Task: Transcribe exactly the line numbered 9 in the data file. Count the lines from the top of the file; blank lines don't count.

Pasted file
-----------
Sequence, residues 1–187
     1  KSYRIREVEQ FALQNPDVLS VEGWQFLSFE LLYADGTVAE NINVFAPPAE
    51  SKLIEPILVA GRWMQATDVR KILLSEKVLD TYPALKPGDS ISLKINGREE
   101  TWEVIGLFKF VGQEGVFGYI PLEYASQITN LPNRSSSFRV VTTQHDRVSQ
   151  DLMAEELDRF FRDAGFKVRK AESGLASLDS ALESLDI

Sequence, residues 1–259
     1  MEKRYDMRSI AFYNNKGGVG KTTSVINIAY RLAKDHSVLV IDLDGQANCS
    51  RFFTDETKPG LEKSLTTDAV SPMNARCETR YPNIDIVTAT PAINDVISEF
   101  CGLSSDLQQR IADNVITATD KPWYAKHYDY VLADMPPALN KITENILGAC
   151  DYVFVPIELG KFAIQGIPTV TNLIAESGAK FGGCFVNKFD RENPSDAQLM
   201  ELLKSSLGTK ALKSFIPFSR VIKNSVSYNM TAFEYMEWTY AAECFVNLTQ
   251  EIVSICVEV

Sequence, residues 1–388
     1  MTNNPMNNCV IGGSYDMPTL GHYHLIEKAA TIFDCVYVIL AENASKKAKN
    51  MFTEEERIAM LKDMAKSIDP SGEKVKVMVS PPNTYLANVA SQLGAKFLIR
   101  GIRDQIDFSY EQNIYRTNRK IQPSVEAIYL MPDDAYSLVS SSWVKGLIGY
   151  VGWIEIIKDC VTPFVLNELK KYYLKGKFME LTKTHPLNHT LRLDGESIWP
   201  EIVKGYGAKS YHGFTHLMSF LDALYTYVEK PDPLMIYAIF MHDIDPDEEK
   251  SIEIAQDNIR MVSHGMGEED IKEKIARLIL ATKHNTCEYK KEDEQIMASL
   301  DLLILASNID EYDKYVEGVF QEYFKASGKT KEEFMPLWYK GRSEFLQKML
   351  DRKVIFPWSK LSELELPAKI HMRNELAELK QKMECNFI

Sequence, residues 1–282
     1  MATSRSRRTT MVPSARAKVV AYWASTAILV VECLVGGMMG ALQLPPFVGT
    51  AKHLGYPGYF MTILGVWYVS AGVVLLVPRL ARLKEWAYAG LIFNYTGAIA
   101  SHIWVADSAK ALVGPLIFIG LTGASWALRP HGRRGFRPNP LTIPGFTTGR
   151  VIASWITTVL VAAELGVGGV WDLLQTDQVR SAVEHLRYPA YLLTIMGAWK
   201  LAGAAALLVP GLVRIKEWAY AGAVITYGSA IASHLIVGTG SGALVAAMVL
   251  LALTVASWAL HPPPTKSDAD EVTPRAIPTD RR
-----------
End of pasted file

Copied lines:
   101  CGLSSDLQQR IADNVITATD KPWYAKHYDY VLADMPPALN KITENILGAC